Every now and then, just when you think you have a water-tight schedule for how your research will progress that day, something comes along that blows it all up. Sometimes this can make you want to rip your hair from the roots, lock yourself in a small cupboard in the basement of a library and never see or speak to humans again as you rock back and forth, hugging your knees, trying to remember why you dove into PhD research in the first place, but sometimes, like today, it gets you whirling and thinking about all sorts of avenues that you hadn't thought about before.
All it took for me today was the interview on makingof.com with Melissa Rosenberg. It was only 8 minutes long, but while Twilight gossip runs rampant (and you'll notice I'm not a fan of commenting on the periphery gossip of the cast), information on the creative processes of the adaptations is not as plentiful; and every time there's just one new line of information, I get about a dozen new questions and ideas to follow.
I'm not familiar with makingof.com, but obviously I'm now going to stalk it for some of my behind-the-scenes informational needs. This interview was fairly general, but she did give me a few jumping off items that I'm going to have to see if I can learn more about. It was neat to hear about the processes in general; what she is used to, how she generally works, and then the specific examples with the Twilight Saga. I was surprised to learn that she considered her collaboration with Stephenie Meyer in Twilight's adaptation was less than it is in New Moon and Eclipse, as I certanily always got the feeling that she was heavily invovled in all of the processes. Although that may have been more towards the end; once they had a draft they circulated it to Meyer, and that's where the tweaking happened, whereas in Eclipse, Rosenberg actually sent Meyer her outline for the film, and they've worked together utilizing the unwritten elements of the novel (i.e. the significant backstory and mythology that didn't need to be in the book, but Meyer had to create to understand and write the text), and incorporating them into the film.
I also liked how Rosenberg called these moments 'easter eggs', using the DVD terminology for secrets hidden in the disc that only the die-hards would find, or the fans would understand. This is a nice nod to the ravenous fanbase who will, of course, have read all of the correspondance on The Twilight Lexicon, read the deleted chapters on Meyers's website, and have poured through every periphery text that has branched off from Meyers's four original texts. It's interestng to have one media's terminology (easter eggs for DVDs) apply to a film and a novel.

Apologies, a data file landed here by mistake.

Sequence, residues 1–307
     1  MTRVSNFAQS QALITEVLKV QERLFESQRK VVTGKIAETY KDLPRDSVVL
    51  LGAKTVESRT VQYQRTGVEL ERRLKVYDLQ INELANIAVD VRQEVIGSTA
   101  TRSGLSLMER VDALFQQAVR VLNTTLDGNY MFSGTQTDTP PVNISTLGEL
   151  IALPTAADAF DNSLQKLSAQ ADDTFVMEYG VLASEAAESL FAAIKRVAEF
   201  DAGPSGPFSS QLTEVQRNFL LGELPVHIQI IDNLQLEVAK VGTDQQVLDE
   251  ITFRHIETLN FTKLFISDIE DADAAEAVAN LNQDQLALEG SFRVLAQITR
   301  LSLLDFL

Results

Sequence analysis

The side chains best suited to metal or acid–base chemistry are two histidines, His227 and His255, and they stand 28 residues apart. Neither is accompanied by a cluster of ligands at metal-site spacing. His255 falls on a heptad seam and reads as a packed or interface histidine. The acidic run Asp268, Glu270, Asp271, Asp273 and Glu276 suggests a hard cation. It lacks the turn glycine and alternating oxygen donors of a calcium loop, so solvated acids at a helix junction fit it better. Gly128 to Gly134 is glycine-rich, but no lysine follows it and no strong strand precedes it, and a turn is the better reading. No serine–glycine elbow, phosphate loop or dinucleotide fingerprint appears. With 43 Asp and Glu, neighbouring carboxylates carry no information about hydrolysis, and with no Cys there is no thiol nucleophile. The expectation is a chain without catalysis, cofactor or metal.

Lastly (well, lastly for this post, I've gotta go type some of this up while I'm thinking about it!), it was nice to hear Rosenberg's acknowledgement of the fans. She knew she was working with something beloved by millions, and many would disregard this in the creative process and just write the story that they felt needed to be told, but when working with a hugely popular text like this, and producing one of thes translation for an event film*, I think you need to realize the impact that respecting the fans can have on the final piece. It doesn't sound like she found that to be a shackle to her writing, but instead more of a motivation to turn a well-realized novel into a better-realized screenplay.
I still don't think the Twilight Saga is a perfect adaptation (nothing ever will be), but it's brilliant to analyze the different aspects of this particular work, and see how they have approached each translation of the novel, and how they are learning from each act as well. Twilight was open to all, very few knew what it was they were actually working with (as in the scope and mania surrounding this film). Now, with New Moon, it's a closed set, very few pictures and interviews have been released, and the set-visits were very limited and controlled (good for the filmmakers to control the interpretation and access of the media, but not necessarily an accurate representation of that set; it's more tailored and limited), and there have been less leaks of information online. I'll be quite interested to see how this affects the script, the film, the advertising and reception of the finished work.
See? Rambling... brain spinning... I love these days that get me thinking. I'm off now to see what other avenues and questions I can pull from this.
*I feel the need to define 'event film' as I don't think I have before. Event film is a rather new term, and it basically refers to a film that transcends one media, is from another print source, usually, and has entertainment events attached to its releases (i.e. Harry Potter, Lord of the Rings, Twilight... based off of beloved books, huge fan base, midnight release parties, conventions, concerts and merchandise associated with each release etc.)